Mike Friedrich was one of the talents of the 1970s and 1980s who changed the comic book business for the better. Dean Mullaney, Phil Seuling, Bud Plant and several others belong on that list as well as several people I’m forgetting. Mike started out as a comic book fan, became a freelance writer for DC and Marvel, transitioned to publishing with his own company (Star*Reach) and later became an agent, turning Star*Reach into an agency representing artists and writers. As a freelancer, he knew well the contracts (and contractual problems) at the major companies. As a publisher he provided an alternative venue for creators to pursue projects DC and Marvel either didn’t want or wouldn’t let the creators own. That may not sound like a big deal, but back in the day if you wanted to tell stories outside of the standard Marvel-DC superhero template, or found yourself on the outs with those two companies, you had almost no alternatives until Star*Reach and Eclipse came along.
When Friedrich became an agent he was able to turn his experience loose on behalf of other creators to negotiate better deals. I’ve read comics Mike wrote, I’ve read comics that he published, and a couple of times I’ve been across the virtual negotiating table from him. [I won’t name names, but at the initial Ultraverse Founders conference in Scottsdale AZ, he quite rightly had his client wait in the hall while he finished negotiating via phone his client’s UV contract. My job at the time was to nod sycophantically and supervise the snack trays for the conference; Dave Olbrich did the actual nuts and bolts negotiating.]
Chuck Dixon has been responsible for some of the manliest comic books in the direct market. From his work on Airboy to Punisher and Batman, his characters know how to take a punch and keep punching back (sometimes accessorizing with big guns).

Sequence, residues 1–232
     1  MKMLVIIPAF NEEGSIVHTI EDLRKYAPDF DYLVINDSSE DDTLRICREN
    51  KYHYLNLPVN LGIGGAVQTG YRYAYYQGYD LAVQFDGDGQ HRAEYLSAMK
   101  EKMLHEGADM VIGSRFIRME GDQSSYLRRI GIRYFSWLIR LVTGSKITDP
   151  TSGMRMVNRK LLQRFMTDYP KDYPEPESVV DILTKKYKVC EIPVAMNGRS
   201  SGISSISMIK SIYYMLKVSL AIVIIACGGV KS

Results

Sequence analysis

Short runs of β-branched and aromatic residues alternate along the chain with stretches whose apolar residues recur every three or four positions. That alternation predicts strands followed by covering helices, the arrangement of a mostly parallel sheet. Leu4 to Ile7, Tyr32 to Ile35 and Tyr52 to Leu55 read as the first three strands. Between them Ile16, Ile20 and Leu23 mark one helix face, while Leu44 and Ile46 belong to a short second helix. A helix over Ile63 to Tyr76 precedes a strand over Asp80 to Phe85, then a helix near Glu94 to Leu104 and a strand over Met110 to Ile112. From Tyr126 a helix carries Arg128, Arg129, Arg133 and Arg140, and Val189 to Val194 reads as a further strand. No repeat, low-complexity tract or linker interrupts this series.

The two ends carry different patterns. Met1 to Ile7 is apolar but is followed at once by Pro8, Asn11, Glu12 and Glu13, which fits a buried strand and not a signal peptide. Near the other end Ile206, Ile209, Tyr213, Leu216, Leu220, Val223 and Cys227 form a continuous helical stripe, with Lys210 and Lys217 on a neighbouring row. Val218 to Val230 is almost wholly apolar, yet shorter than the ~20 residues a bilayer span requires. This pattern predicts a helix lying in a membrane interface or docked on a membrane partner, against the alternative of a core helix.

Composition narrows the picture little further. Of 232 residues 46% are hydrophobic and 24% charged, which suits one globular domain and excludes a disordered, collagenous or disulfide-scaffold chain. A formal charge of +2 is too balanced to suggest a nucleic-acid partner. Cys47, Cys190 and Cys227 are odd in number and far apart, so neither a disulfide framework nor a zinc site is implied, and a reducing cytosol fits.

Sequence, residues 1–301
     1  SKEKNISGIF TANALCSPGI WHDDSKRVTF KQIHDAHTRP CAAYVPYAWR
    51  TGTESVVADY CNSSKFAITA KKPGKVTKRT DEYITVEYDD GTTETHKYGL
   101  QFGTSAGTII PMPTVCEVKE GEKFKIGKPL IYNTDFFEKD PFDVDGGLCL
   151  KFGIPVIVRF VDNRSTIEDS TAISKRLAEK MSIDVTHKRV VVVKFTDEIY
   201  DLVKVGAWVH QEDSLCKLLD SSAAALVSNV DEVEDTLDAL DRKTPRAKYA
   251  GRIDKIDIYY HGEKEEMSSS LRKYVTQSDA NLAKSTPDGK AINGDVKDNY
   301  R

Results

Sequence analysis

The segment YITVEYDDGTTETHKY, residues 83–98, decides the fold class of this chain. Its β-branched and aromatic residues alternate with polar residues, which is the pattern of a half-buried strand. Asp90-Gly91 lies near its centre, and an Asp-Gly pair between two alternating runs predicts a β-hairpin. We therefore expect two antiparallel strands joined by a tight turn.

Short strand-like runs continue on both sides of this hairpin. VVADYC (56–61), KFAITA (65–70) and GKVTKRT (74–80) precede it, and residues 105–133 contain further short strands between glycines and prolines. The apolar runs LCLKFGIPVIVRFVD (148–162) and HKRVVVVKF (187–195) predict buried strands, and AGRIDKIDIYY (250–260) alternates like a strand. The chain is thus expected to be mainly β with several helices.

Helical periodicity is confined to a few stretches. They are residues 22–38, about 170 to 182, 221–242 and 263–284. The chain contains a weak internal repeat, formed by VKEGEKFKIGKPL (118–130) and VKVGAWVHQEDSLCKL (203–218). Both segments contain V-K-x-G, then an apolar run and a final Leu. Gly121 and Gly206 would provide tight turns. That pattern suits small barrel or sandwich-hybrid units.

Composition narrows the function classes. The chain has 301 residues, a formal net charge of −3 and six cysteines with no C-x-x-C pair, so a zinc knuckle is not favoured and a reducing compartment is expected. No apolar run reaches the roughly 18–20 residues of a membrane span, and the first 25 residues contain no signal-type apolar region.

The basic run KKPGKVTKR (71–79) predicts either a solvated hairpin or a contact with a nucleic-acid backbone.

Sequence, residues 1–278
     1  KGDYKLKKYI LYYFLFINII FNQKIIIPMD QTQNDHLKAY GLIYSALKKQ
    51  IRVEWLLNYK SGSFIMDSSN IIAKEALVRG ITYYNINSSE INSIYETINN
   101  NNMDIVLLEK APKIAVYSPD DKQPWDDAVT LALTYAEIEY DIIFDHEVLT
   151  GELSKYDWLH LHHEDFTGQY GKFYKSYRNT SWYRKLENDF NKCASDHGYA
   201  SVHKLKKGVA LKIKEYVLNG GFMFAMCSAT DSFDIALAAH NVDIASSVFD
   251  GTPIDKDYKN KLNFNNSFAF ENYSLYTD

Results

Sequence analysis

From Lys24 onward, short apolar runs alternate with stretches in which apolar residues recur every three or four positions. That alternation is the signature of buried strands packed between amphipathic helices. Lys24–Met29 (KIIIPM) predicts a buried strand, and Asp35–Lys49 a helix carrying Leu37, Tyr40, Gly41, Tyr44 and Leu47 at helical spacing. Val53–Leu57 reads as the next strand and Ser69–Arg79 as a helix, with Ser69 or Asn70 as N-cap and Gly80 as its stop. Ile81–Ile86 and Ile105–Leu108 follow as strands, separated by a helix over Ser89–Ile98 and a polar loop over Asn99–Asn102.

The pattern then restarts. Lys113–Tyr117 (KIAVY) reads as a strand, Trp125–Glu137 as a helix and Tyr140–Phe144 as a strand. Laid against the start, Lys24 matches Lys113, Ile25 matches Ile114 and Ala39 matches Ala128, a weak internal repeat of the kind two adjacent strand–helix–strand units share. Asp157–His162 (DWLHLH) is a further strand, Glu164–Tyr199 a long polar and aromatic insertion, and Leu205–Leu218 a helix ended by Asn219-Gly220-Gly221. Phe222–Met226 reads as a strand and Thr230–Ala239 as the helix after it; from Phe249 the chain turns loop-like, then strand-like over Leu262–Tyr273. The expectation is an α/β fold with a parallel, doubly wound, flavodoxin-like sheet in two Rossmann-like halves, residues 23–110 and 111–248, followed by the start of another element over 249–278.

Dixon is now at Bongo Comics where he writes Simpsons Comics. When you’re working on corporate comics, you’re always answerable to the corporate owners about how best to handle their characters. When you’re working a licensed property—whether it’s Farscape, Star Trek, or Terminator—there’s yet another corporate layer added into the “Please me” mix: the corporation that controls the license. Sometimes the actors step in as well. A well-known Star Trek actor had it in his contract that artists couldn’t draw the top of his bald head too pointy. That’s right: he had baldness approval. So it’s never easy working on licensed properties and I admire those who do it and do it well. Like Chuck Dixon.
At first glance, he might seem an odd choice for The Simpsons universe—the Batman writer tackling America’s favorite yellow cartoon people—but he’s a professional writer and that’s what they do: write. In Simpsons Comics #158, Homer is outraged that his newly won hot tub violates the Homeowner’s Association rules so he’s convinced to run for President of the Association in the conveniently upcoming election. Once he wins, it all goes horribly awry in the best Simpsons manner.
Read More | Chuck Dixon's Blog
The Hunter follows a one-man-tough-guy army bent on revenge named Parker. After a job goes bad and his wife tries to kill him, Parker sets out to take back what was his and set things right. Parker’s world is New York circa 1962, a world before cell phones, before VHS, before the Beatles; a place where the bad guys and the good guys stand shoulder-to-shoulder in the police department, the political arena, and even the subway slums.
Bluewater Comics recently announced a JK Rowling edition of their Female Force series, set for a December release.
Unfortunately for Harry Potter fans, Twilight creator Stephenie Meyers is ahead of that curve, having her own biographical issue released in November.
While I have not had the privilege of reading the Hilary Clinton nor Sarah Palin issues, I just can’t bring myself to give the series a chance. Maybe it’s the awkward art, or perhaps it’s just the title, Female Force—whatever it is, I can’t imagine as to why either sets of fanatics will be willing to shell out money for it. Let’s see if the Potterheads and Twihards prove us wrong.
Read More | E! Online
You might already know Lester Dent. He’s the creator of Doc Savage (which he wrote under the pseudonym of Kenneth Robeson). Doc was a very successful pulp hero (and later star of a line of equally successful paperback reprints of his pulp adventures). Sadly, the magical success of Doc in the pulps has never transitioned well to neither comics nor the movies.